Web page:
Úbeda Hosts Second Conference on EVOO

Spain celebrated the Second Conference on Extra Virgin Olive Oil. Well-respected speakers covered topics on health, product promotion, farming practices and gastronomy.

Photo of Maria José San Román by Pepe Nieto
By Alexis Kerner
Sep. 28, 2016 12:43 UTC
Photo of Maria José San Román by Pepe Nieto

The Second Conference on Extra Virgin Olive Oil last week in Úbeda focused on health and her­itage. Even well after the sun­set, atten­dees could still be found in the streets shar­ing a beer to fur­ther dis­cuss what they had learned dur­ing the day.

The Center for Interpretation of Olive Oil and the Olive Grove along with the Olive Grove and Oil Association of Jaén orga­nized the event. Their pri­mary goal is to pro­mote olive oil cul­ture on all lev­els. They not only sup­port tourism, edu­ca­tional activ­i­ties and pro­duc­ers but also orga­nize events like the one that took place this week.

The con­fer­ence had well-respected speak­ers that cov­ered top­ics on health, prod­uct pro­mo­tion, farm­ing prac­tices and gas­tron­omy.

The first speaker was Eduard Escrich, direc­tor of the Department of Physiology at the Faculty of Medicine of the Autonomous University of Barcelona (UAB). He leads the Multidisciplinary Group on Breast Cancer Study, which has many national and inter­na­tional col­lab­o­ra­tors, two of which are in the United States: Fox Chase Cancer Center in Philadelphia and Georgetown University in Washington.

For 32 years the group has stud­ied the effect that the con­sump­tion of dietary fats can have on the devel­op­ment and growth of can­cer. Their find­ings have shown that, although the con­sump­tion of extra vir­gin olive oil does not cure can­cer it can delay the appear­ance, reduce the malig­nancy and slow its growth.

Escrich rec­om­mended a daily intake of 3 to 5 table­spoons (50 ml or about ¼ cup) of EVOO for healthy indi­vid­u­als. For those com­bat­ting can­cer, he sug­gested a lower dose of olive oil. He then explained that patients in recov­ery should con­sume a very low dose of EVOO and focus on essen­tial fatty acids.

The next speaker was Francisco Garcia Mendoza, the direc­tor of IberOleum. IberOleum is a new guide about extra vir­gin olive oil in Spain that com­piles the Spain´s best-rated olive oils accord­ing to its top olive oil tasters, the year´s olive oil data, chefs and orga­ni­za­tions.

I met up with Garcia after the event to inquire more about the guide. He said they have made the guide dig­i­tal so that sub­scribers can always have the infor­ma­tion on hand and be able to com­pare year after year the posi­tions of their favorite oils. He hopes to offer the guide in English and in Chinese.

Next up was Victor Perez from the award win­ning olive oil, Finca la Torre. Perez spoke about their groves and how they imple­ment bio­dy­namic farm­ing prac­tices. Biodynamic meth­ods empha­size a holis­tic, eco­log­i­cal and eth­i­cal approach to farm­ing. Finca la Torre not only prac­tices nat­ural ways of farm­ing but they also give back to the com­mu­nity by pro­mot­ing social events.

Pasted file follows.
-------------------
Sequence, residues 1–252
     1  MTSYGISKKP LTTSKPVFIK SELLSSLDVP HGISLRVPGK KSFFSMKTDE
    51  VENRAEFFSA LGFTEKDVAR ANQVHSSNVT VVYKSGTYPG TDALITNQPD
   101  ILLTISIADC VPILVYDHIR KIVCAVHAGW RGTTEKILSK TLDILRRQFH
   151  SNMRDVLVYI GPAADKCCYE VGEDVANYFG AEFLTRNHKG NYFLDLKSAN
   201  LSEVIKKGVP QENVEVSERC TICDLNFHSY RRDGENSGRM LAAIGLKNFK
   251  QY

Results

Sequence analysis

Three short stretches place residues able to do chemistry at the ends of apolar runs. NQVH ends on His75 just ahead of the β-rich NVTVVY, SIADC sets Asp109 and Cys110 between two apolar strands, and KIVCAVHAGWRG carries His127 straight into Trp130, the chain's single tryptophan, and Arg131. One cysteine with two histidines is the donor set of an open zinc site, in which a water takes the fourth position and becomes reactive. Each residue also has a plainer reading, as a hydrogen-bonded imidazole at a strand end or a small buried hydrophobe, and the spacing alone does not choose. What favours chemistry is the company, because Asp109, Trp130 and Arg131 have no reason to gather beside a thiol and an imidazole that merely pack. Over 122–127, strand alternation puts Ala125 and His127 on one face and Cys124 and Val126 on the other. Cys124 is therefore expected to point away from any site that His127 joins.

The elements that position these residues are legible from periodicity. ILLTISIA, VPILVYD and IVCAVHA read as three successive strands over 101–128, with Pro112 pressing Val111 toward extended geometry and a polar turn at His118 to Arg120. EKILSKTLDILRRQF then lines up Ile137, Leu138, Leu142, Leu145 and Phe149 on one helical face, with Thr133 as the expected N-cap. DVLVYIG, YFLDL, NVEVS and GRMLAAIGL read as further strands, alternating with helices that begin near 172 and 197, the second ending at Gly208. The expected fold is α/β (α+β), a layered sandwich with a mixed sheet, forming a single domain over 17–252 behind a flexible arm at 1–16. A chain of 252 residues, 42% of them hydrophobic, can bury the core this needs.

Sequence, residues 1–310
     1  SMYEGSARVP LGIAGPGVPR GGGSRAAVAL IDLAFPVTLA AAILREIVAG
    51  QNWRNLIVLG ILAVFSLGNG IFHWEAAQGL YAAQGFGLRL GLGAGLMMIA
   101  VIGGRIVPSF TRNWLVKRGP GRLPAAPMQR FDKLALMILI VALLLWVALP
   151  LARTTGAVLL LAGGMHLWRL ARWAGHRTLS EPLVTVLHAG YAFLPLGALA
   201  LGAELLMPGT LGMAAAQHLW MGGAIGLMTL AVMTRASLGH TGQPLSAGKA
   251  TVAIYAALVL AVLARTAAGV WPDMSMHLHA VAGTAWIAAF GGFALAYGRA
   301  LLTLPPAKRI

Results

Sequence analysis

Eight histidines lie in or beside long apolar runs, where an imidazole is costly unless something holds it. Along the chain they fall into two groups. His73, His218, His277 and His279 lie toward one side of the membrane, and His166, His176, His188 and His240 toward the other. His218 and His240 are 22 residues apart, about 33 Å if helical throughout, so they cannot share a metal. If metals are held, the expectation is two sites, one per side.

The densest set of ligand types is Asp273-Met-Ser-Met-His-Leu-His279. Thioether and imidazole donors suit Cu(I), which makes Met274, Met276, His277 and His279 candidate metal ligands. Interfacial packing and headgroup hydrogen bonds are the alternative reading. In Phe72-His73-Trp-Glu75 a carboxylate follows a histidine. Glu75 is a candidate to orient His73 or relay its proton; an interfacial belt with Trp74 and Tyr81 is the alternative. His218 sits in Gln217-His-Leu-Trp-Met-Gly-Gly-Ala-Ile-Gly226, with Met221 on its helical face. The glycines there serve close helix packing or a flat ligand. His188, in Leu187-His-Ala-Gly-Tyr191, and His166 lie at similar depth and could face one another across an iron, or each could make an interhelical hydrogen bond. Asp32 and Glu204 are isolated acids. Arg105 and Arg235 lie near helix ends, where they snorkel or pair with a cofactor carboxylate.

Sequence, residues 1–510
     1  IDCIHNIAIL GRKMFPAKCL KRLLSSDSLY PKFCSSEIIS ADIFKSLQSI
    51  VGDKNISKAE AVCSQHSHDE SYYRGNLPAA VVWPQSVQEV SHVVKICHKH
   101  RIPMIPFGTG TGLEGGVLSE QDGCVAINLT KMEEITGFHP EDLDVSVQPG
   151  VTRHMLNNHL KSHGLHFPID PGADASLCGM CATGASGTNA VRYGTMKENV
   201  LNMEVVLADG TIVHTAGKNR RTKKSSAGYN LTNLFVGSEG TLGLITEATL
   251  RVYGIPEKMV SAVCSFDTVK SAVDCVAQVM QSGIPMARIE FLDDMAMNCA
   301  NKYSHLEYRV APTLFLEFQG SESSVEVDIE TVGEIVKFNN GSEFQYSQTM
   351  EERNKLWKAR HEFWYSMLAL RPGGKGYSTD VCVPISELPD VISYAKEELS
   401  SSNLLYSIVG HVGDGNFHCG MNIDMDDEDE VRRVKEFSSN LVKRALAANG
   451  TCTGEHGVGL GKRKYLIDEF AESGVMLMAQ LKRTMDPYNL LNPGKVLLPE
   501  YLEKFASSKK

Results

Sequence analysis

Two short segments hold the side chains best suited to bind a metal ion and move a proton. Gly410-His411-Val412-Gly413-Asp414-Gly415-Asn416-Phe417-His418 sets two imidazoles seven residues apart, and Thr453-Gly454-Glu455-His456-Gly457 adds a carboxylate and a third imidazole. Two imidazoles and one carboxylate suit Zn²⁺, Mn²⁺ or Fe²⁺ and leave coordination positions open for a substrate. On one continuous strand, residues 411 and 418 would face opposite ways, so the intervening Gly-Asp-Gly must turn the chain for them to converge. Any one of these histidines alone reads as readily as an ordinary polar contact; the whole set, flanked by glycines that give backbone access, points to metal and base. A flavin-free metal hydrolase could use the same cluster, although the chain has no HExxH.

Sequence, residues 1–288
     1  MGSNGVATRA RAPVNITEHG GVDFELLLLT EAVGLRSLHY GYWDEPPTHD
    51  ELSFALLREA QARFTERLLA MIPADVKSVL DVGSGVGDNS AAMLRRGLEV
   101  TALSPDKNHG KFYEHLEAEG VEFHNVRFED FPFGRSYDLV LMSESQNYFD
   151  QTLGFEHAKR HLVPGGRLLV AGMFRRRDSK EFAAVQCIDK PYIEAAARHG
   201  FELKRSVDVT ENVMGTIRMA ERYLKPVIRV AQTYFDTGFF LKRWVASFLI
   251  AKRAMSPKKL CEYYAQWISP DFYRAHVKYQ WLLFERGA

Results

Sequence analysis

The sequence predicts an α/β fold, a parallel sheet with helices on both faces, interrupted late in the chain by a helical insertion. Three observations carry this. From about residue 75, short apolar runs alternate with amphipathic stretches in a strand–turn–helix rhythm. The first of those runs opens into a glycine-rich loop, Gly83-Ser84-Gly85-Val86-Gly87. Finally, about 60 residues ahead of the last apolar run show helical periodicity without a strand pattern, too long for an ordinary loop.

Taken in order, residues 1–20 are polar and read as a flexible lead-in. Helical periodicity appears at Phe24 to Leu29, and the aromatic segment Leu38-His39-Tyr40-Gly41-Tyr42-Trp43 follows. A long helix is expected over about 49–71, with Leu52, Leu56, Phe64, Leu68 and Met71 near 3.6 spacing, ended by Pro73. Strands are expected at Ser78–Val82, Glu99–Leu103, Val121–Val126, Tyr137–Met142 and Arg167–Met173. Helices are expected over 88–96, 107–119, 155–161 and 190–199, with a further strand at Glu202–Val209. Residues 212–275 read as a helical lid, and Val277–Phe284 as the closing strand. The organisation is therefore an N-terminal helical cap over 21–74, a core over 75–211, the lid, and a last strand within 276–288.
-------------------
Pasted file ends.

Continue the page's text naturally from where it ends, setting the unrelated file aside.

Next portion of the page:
He explained that although a seal for bio­dy­namic can be a plus in coun­tries like France and Germany where the prac­tice is known and appre­ci­ated, he often removes the seal for sales in coun­tries like the United States where it can con­fuse con­sumers.

After a cock­tail lunch with olive oil pair­ings, Juan Vilar spoke on sales strate­gies. He told the pro­duc­ers in the audi­ence that to make high grade EVOO was just not enough. Some of the pro­duc­ers looked on in dis­be­lief as Vilar claimed that their hard work didn’t cut it. However, He went on to explain the impor­tance of mak­ing their brand dif­fer­ent from oth­ers, inno­va­tion, send­ing out a mes­sage to con­sumers and pro­mo­tion of their prod­ucts.

Last but not least, came Maria Jose San Román. San Román is the owner and chef of the restau­rant, Monastrell, located in Alicante for which she has earned a Michelin Star.

She has taught audi­ences how to use olive oil through her cook­ing demon­stra­tions. In Úbeda, it was no dif­fer­ent and her zeal for the prod­uct was evi­dent. However, she missed the American audi­ence. She told the Spanish atten­dees she gets a much bet­ter recep­tion in the United States. They are always so eager to learn.

Her mes­sage was clear. We must edu­cate the Spanish con­sumer on olive oil. She made the com­par­i­son to wine in the 1980s. Spanish peo­ple had no idea what good wine was before the pro­duc­ers went to restau­rants to do tast­ings and to edu­cate them. Now, we must do the same for olive oil.

Her restaurant´s menu not only describes the main ele­ments of each dish, but also the type of olive oil being paired with the plate. Starters to desserts con­tain olive oil. She claims that it makes all the dif­fer­ence and is her secret ingre­di­ent.

Her rec­om­men­da­tion to those from Jaén, use Picual olive oil with arti­chokes. It is the per­fect pair­ing.

To close the event, awards were given out to Escrich, San Román, the pro­duc­ers of Oro Bailén, and to the Interprofesional del Aceite de Oliva Español for their ded­i­ca­tion.


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